Archive for July, 2010

More Tram Videos

July 30, 2010

Thank you for blog reader, David Cockle, for more European tram movies!






Croydon Tramlink.











Tram Berlin Linie M13 KT4D Warschauer Str. – Virchow Klinikum 4/7

July 29, 2010

The next four U-Tube Videos in the series.

What we see is classic European tram operation where the tram operates as:

  1. A streetcar, operating on-street in mixed traffic.
  2. Light Rail, operating on various Reserved Rights-of -Ways

Included in video #4 is a “Gauntlet” style switch.

Video #5 shows operation on RRoW and a “Gauntlet”  track crossing of a road bridge.

Video #6 shows much lawned rights-of-ways along tree line boulevards.

Finally video #7 completes our journey on Line M13. Watch for the loop at the end.

Tram Berlin Linie M13 KT4D Warschauer Str. – Virchow Klinikum 1/7

July 28, 2010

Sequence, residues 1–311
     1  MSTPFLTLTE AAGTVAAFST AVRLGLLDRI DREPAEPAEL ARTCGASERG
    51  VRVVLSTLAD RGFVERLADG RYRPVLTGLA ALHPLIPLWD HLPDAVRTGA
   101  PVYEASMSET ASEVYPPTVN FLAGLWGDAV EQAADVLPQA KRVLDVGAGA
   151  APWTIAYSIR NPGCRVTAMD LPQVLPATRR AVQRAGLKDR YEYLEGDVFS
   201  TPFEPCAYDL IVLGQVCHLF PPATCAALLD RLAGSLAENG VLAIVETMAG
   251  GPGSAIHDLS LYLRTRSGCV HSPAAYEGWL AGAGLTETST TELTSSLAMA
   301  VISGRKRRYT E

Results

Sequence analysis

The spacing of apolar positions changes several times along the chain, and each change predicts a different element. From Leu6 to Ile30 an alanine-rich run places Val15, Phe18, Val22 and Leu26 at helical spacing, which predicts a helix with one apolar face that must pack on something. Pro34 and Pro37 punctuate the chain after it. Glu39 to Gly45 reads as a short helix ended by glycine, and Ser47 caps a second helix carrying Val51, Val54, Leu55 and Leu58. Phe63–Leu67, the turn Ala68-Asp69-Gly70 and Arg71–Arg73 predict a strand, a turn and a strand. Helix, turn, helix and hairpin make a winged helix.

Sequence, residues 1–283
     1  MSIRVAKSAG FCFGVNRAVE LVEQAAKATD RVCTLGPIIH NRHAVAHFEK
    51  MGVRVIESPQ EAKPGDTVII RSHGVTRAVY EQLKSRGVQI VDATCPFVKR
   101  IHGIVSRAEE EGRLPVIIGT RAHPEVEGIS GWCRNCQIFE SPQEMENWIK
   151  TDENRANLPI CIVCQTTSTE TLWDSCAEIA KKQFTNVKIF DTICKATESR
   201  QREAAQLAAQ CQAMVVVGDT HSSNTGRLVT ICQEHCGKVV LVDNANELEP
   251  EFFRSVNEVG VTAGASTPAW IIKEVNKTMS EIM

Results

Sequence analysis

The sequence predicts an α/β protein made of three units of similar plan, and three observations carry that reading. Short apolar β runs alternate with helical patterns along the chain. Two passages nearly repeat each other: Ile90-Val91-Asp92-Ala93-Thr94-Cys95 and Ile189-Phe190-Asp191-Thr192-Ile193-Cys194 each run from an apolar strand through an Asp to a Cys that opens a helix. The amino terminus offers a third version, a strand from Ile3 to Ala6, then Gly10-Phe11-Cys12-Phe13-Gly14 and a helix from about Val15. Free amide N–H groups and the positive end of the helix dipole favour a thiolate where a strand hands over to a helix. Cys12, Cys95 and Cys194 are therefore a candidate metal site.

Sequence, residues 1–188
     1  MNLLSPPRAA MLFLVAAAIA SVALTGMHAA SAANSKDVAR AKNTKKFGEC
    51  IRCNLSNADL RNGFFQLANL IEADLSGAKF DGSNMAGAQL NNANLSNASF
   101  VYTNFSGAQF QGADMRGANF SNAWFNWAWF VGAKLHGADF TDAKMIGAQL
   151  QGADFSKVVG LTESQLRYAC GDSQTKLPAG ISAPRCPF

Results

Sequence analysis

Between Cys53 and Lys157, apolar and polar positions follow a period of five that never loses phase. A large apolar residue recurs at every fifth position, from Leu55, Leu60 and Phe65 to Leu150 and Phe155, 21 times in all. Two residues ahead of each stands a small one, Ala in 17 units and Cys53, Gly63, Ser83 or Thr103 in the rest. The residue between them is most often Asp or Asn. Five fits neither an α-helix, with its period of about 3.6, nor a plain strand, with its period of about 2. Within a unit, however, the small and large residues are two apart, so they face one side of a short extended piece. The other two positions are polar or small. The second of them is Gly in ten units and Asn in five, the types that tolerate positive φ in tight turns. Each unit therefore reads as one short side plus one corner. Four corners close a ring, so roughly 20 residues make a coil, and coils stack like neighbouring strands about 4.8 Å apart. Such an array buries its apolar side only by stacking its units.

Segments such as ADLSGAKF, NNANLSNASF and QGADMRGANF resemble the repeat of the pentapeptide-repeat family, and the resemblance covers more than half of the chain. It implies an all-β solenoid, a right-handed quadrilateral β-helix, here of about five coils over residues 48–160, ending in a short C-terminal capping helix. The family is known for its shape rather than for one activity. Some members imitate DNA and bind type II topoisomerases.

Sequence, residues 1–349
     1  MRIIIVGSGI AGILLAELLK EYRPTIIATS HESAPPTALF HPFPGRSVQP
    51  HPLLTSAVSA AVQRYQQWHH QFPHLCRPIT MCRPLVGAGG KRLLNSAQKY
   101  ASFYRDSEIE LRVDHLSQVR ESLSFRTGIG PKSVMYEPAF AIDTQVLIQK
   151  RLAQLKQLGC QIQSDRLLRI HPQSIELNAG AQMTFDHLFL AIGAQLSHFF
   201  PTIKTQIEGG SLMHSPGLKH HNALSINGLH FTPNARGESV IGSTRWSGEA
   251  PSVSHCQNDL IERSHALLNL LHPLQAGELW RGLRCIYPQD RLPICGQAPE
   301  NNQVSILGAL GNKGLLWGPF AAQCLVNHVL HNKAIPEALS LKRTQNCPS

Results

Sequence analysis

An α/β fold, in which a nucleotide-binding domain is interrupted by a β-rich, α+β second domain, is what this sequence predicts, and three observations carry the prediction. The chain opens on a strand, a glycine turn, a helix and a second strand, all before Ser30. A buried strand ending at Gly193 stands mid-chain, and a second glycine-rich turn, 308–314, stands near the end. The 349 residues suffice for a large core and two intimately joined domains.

This video from U-Tube shows a classic European tramways, which operates on-street and on reserved rights-of-ways, including simple HOV lane style of RRoW. Please note the simple (traffic light) style signaling at intersections and the various styles of RRoWs.

Streetcar/LRT has the flexibility to operate in almost all urban conditions, affordabley and efficiently, a lesson that the TransLink planning mandarins refuse to accept.

And the second ‘tube‘ in the series.

Now the third ‘tube‘ in the series.

Rail ‘creates more jobs than road transport’

July 27, 2010


An interesting article from RailNews UK.

Rail ‘creates more jobs than road transport’

MORE jobs would be created
by reducing car use and encouraging a switch to rail travel, according to a new report.

The findings. commissioned by pteg, the Campaign for Better Transport and Sustrans from researchers Ekosgen, show that 100 direct rail jobs support 140 ‘indirect and induced’ jobs, while 100 direct motor industry jobs support only 48 other jobs.